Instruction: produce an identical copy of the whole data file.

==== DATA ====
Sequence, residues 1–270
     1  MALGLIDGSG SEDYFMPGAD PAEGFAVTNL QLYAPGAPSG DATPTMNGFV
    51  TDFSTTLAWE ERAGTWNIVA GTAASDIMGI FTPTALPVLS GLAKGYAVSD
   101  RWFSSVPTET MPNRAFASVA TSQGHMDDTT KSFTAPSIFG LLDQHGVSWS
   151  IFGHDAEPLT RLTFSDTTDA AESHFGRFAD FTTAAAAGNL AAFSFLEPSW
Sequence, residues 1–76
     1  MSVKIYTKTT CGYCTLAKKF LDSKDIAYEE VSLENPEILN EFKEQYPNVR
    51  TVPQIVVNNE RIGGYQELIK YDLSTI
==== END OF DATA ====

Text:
Sequence, residues 1–270
     1  MALGLIDGSG SEDYFMPGAD PAEGFAVTNL QLYAPGAPSG DATPTMNGFV
    51  TDFSTTLAWE ERAGTWNIVA GTAASDIMGI FTPTALPVLS GLAKGYAVSD
   101  RWFSSVPTET MPNRAFASVA TSQGHMDDTT KSFTAPSIFG LLDQHGVSWS
   151  IFGHDAEPLT RLTFSDTTDA AESHFGRFAD FTTAAAAGNL AAFSFLEPSW
Sequence, residues 1–76
     1  MSVKIYTKTT CGYCTLAKKF LDSKDIAYEE VSLENPEILN EFKEQYPNVR
    51  TVPQIVVNNE RIGGYQELIK YDLSTI